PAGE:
In most types of glaucoma, the nerve damage occurs slowly over a period of years and creates blind spots in peripheral vision.
Glaucoma is often associated with high pressure in the eye (diagram below) but can also be associated with normal eye pressure:
As the disease progresses, these blind spots enlarge and grow together. It is common for a person not to notice they are afflicted until the later stages of the disease, when the central vision becomes affected. At this point, severe and irreversible vision loss has occurred.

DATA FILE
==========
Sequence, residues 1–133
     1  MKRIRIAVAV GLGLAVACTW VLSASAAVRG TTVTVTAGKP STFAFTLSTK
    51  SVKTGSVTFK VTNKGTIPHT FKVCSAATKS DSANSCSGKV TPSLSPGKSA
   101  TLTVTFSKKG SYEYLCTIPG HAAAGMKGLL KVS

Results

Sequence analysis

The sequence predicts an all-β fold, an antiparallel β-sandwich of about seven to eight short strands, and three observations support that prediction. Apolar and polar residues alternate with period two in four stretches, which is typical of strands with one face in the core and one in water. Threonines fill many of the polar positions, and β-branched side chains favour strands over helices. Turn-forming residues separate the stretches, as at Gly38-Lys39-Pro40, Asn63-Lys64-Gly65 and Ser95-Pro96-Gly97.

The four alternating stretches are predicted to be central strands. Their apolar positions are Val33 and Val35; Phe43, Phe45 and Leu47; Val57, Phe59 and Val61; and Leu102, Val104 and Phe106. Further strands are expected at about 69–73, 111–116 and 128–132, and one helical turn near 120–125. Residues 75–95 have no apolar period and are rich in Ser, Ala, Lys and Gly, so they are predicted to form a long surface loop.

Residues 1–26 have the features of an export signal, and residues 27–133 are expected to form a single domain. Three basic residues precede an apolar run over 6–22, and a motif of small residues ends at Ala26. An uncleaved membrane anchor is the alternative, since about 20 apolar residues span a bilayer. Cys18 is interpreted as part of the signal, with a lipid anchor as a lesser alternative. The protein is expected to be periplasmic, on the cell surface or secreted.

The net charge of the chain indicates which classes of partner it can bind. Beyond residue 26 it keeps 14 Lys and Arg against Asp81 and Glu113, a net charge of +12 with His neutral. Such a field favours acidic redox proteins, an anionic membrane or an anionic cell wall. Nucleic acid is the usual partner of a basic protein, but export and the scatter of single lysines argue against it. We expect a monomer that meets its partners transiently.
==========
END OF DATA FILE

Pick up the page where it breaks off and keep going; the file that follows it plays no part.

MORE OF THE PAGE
In a less common form of glaucoma, called acute angle-closure glaucoma, patients may experience sudden onset of a red, painful eye with blurred, steamy vision and see haloes or rainbows around lights. This is a Medical Emergency and requires immediate and urgent treatment to lower the eye pressure and prevent blindness.
Most cases of glaucoma, if detected early, can be successfully controlled, provided the patient is compliant with using their medication and returning for regular monitoring and follow-up care.
Glaucoma patients require lifelong monitoring.